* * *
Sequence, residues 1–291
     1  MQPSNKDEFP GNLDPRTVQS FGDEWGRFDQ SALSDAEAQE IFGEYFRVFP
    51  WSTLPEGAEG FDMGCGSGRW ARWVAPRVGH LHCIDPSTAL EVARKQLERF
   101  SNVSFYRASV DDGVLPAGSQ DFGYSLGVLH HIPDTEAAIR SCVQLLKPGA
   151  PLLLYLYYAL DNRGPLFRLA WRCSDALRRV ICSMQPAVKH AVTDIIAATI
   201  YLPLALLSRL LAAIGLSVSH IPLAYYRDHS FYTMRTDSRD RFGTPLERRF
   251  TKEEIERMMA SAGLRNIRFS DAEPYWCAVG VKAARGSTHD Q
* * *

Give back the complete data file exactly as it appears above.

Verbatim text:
Sequence, residues 1–291
     1  MQPSNKDEFP GNLDPRTVQS FGDEWGRFDQ SALSDAEAQE IFGEYFRVFP
    51  WSTLPEGAEG FDMGCGSGRW ARWVAPRVGH LHCIDPSTAL EVARKQLERF
   101  SNVSFYRASV DDGVLPAGSQ DFGYSLGVLH HIPDTEAAIR SCVQLLKPGA
   151  PLLLYLYYAL DNRGPLFRLA WRCSDALRRV ICSMQPAVKH AVTDIIAATI
   201  YLPLALLSRL LAAIGLSVSH IPLAYYRDHS FYTMRTDSRD RFGTPLERRF
   251  TKEEIERMMA SAGLRNIRFS DAEPYWCAVG VKAARGSTHD Q